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Abstract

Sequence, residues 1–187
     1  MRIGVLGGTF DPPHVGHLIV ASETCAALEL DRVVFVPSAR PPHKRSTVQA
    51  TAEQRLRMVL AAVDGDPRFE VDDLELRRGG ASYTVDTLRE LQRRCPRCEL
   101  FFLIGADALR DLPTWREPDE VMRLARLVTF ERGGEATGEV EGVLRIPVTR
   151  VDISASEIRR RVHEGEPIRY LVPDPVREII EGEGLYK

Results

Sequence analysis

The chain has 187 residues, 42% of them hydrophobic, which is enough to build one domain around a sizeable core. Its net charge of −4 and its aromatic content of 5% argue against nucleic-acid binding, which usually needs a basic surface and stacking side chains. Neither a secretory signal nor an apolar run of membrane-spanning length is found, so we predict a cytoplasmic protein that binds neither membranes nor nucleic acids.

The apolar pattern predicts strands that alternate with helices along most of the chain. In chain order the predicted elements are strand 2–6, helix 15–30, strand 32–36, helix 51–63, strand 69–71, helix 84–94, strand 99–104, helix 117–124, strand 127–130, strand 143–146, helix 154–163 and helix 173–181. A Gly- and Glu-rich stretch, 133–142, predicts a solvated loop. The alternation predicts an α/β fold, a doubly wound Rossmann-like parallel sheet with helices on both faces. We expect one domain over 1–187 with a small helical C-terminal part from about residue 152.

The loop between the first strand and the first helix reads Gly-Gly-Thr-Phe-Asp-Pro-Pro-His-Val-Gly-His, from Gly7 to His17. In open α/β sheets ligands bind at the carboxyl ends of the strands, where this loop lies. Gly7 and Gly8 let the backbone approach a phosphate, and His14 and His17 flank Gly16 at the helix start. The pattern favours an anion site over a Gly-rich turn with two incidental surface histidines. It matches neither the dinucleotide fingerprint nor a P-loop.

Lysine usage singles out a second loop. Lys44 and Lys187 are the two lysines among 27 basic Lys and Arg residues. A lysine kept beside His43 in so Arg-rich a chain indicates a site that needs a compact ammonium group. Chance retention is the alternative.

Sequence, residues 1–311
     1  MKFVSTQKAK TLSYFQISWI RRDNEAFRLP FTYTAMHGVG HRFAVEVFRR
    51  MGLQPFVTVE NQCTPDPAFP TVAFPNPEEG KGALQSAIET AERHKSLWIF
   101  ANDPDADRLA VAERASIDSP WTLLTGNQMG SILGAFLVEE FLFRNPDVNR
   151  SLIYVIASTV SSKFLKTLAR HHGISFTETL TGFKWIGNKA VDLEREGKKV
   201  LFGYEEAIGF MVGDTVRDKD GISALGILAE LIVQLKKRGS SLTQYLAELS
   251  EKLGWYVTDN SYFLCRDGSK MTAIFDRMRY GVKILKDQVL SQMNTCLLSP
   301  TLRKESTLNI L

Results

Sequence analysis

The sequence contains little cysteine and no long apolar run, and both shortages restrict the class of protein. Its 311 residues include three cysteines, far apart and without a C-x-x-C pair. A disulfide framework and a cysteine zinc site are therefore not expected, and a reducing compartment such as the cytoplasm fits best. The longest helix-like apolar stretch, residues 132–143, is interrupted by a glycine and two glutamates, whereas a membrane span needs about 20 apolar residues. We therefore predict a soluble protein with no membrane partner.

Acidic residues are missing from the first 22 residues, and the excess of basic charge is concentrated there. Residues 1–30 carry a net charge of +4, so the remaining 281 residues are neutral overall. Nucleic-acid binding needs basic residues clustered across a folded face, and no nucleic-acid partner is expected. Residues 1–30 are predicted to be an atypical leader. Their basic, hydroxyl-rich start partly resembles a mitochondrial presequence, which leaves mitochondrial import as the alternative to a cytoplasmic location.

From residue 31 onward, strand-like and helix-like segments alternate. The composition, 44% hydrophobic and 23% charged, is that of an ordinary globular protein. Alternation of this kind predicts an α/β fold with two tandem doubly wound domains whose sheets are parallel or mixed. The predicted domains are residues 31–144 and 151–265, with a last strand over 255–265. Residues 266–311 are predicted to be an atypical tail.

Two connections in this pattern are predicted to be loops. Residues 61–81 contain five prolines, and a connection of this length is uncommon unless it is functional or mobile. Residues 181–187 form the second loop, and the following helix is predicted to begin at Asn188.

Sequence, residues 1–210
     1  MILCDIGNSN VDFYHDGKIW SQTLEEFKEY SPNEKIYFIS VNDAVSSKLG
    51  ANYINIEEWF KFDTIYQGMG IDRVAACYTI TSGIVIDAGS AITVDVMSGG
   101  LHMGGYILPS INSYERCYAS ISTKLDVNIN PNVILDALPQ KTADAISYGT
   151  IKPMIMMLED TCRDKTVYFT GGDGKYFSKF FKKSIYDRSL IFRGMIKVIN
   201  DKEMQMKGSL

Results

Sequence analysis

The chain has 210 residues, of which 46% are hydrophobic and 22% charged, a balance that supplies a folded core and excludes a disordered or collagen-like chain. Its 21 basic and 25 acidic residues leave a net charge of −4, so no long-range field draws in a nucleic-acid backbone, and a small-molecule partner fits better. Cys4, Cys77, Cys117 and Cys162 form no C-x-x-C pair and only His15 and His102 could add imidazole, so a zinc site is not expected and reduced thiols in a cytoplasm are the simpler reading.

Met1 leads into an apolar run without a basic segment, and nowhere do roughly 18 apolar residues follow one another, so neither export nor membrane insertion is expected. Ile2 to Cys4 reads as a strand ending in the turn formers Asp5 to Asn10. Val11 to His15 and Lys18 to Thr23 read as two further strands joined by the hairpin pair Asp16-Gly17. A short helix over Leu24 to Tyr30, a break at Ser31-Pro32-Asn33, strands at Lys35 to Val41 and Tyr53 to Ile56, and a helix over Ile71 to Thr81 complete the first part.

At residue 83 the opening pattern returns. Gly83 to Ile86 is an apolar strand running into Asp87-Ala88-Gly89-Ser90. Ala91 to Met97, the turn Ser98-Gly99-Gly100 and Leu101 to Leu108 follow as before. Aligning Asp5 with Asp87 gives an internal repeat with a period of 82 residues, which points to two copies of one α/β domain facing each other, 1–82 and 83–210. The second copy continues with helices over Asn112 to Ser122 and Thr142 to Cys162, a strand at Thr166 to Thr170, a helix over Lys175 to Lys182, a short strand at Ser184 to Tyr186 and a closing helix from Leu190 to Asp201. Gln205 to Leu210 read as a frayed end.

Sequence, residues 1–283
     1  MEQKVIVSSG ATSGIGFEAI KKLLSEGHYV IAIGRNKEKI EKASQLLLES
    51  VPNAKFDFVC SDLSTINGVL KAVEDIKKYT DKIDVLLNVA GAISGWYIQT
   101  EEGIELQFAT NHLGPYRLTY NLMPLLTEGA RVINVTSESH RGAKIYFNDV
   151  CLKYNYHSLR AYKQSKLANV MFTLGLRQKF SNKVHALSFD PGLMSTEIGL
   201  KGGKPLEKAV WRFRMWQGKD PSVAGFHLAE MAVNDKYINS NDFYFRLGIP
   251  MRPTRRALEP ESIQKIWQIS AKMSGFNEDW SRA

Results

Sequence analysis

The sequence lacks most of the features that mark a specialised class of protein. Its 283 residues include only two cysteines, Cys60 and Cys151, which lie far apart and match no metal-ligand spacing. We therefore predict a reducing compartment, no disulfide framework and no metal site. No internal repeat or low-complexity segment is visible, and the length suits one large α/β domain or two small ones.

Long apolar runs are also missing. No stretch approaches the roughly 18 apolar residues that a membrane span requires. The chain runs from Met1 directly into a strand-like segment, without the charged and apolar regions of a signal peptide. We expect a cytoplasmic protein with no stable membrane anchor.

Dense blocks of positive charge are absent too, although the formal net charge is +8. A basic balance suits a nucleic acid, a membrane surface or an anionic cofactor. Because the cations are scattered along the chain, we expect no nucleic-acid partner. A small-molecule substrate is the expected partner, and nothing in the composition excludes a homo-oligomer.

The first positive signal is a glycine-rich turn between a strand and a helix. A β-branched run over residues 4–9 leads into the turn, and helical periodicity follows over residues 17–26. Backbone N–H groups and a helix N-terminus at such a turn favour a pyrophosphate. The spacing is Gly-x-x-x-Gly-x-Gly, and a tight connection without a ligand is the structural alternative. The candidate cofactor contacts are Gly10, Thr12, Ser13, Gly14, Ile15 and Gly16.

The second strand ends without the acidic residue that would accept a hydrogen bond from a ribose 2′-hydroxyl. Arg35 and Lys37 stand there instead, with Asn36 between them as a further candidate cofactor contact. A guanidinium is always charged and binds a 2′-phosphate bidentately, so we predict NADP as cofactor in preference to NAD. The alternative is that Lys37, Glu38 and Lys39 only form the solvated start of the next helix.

The recent analysis of global population forecasts of the past 30 years by the US National Academy of Sciences (Bongaarts and Bulatao, 2000) confirms that errors have been considerable and that population forecasts have generally been upward-biased. We adapt a standard global economic model to estimate the implications of the global and regional population forecast errors suggested by this study, via their demographic and income effects, for the performance of the global economy and the composition of global food demand. The model is “GTAP-Dyn”, a recursively dynamic, applied general equilibrium model of the world economy (Ianchovichina and McDougall, 2000). The results indicate that slower than forecast population (and hence labour force) growth causes slower growth in Australia’s overall economy and in its agricultural, food and minerals sectors in particular. When the population growth slowdown is restricted to developing countries, the overall effects on Australia are smaller but there is a substantial reallocation of resources away from agriculture, food production and other natural resource based industries in favour of manufactures.

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